The Zoo Northwest Florida
The Zoo Northwest Florida (also called The Gulf Breeze Zoo or simply The Zoo) was an animal preserve that served the Pensacola area from 1984 to 2009. Located in the Midway area at 5701 Gulf Breeze Parkway, 10 miles east of Gulf Breeze and 19 miles west of Fort Walton, it hosted over 900 animals on more than 30 acres of preservation land. In addition to the animals themselves, the Zoo featured amenities such as the Safari Line Train, Jungle Café, Whistlestop Snack Bar, and a gift shop in the main building.
|Operated by||Gulf Coast Zoological Society|
Danyelle Lantz, director
|Location||5701 Gulf Breeze Parkway|
Gulf Breeze, FL 32563
|<googlemap lat="30.400714" lon="-86.983223" zoom="13" width="288" height="200">
30.40114, -86.984425, The ZOO Northwest Florida </googlemap>
The Zoo was founded in 1984 by four businessmen, including Pat Quinn, who became its director. On September 1, 2004, weeks before being damaged by Hurricane Ivan, control was transferred to the non-profit Gulf Coast Zoological Society. After many years under the leadership of Doug Kemper, inurance executive Danyelle Lantz was named executive director in October 2007. The Zoo faced a number of problems in its later years, including extensive damage from Hurricane Ivan, dying animals and dwindling attendance.
After struggling to find a new source of funding, the Zoo closed its doors on August 16, 2009, with the stated intent to reopen should funding be provided. Three days later, however, the for-profit group that owned the Zoo's property announced that with "no long-term commitment from the community… we are officially, now, closing the zoo."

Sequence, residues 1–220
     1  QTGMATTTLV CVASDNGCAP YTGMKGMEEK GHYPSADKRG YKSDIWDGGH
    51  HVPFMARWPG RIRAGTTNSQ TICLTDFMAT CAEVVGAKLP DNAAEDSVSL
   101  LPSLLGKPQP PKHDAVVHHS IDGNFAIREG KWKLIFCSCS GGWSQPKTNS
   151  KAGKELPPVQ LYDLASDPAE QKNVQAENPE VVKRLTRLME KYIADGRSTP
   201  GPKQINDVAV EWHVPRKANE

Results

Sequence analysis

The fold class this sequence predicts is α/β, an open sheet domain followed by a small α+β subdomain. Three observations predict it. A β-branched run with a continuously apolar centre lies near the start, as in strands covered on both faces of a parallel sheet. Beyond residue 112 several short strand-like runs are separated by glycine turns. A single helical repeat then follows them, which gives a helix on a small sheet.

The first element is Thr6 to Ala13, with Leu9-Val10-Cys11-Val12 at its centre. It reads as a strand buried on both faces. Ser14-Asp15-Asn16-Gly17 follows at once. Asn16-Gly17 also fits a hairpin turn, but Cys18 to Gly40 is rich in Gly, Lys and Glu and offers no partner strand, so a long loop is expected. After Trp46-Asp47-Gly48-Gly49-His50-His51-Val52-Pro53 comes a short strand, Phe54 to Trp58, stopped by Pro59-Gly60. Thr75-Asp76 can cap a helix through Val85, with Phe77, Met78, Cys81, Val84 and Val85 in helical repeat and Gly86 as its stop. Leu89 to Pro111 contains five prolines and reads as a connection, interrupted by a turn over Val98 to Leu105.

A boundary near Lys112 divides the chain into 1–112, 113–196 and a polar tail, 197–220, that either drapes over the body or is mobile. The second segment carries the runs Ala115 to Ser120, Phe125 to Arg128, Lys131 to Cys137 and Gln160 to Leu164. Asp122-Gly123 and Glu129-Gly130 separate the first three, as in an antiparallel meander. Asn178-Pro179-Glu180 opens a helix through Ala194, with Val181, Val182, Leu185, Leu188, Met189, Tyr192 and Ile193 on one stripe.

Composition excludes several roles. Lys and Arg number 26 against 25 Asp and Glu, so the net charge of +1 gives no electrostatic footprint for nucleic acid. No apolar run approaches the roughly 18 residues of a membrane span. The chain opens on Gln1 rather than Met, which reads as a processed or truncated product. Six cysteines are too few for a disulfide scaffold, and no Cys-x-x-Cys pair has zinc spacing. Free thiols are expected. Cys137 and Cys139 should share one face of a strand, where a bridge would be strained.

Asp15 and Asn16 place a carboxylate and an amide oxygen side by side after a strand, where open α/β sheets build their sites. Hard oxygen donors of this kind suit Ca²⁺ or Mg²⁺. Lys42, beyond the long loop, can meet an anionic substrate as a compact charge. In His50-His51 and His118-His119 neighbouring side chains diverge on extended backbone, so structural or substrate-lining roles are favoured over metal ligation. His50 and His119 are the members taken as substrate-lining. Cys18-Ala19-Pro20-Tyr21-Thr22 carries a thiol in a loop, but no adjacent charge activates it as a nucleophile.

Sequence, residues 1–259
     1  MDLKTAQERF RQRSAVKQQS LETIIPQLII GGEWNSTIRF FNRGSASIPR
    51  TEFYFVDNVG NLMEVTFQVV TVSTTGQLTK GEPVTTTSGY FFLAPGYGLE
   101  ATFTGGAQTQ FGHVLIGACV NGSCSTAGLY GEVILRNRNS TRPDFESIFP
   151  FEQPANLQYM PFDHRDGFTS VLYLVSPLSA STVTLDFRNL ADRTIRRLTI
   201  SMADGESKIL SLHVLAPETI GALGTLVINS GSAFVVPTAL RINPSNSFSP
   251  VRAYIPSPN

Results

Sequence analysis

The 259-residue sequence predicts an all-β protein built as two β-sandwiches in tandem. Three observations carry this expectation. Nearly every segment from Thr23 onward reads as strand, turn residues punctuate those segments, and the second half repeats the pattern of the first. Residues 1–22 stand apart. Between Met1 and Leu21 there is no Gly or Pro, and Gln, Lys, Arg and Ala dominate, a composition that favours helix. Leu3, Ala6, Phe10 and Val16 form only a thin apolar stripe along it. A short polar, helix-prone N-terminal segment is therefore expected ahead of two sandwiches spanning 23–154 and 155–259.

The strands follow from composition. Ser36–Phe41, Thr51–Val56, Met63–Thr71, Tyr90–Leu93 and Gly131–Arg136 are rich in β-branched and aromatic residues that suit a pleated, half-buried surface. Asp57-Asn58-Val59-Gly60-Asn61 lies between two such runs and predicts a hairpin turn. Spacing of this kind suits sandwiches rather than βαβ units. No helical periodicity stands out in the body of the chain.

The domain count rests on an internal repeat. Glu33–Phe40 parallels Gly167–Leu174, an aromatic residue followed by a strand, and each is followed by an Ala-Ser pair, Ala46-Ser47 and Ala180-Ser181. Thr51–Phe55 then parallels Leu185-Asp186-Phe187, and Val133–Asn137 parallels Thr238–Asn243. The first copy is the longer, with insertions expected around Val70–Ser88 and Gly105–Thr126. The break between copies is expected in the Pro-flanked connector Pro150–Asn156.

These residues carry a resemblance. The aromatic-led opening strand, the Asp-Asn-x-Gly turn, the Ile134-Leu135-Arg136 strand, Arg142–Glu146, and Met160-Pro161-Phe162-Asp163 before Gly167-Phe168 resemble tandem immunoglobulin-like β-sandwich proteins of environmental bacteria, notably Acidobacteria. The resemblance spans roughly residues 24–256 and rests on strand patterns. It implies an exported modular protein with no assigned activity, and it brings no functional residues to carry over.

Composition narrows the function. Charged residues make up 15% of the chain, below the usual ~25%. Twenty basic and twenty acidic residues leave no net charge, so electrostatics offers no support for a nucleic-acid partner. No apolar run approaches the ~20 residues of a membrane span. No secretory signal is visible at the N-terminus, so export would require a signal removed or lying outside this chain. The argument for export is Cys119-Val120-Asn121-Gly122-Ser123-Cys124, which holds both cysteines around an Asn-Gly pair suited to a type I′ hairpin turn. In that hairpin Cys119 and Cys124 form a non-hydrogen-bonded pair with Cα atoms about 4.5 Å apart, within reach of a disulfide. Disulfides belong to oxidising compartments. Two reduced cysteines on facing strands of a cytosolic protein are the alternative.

- Exhibits at time of closure, in order of a roughly clockwise progression through the Zoo.
- Gibbon Island and Lemur Island – The first exhibit to greet guests outside the gift shop, a pond with two islands inhabited by lemurs (including Omega) and gibbons (including Mai Lang).
- The Farm and Petting Zoo – Featuring an assortment of barnyard animals.
- Otters – Amphibious enclosure for otters Alex and Tsunami.
- Giraffes – Colby and Gabby are the two current giraffe inhabitants.
- Neo-Tropical Exhibit – At the southwest corner of the Zoo. Primates include mandrils (Ben and Ash)
- Perimeter enclosures – Nyala, gazelles, kudu, muntjac, ostriches, cranes, impala.
- Australian Outback – Kangaroos (including Calvin), emus, kookaburra, lorikeets and cockatoos.
- Cat Country – Includes African lions (Larry, Kit and Kat), Bengal tigers (Raja and Asia), leopard (Osiris) and cougar (Mexica).
- The 'Gator Hole – More than a dozen American alligators.
- Wild Florida – Includes Amercian black bears (Kirby and Paddington), coyote (Sasha), barn owl, opossum, barn owl, etc.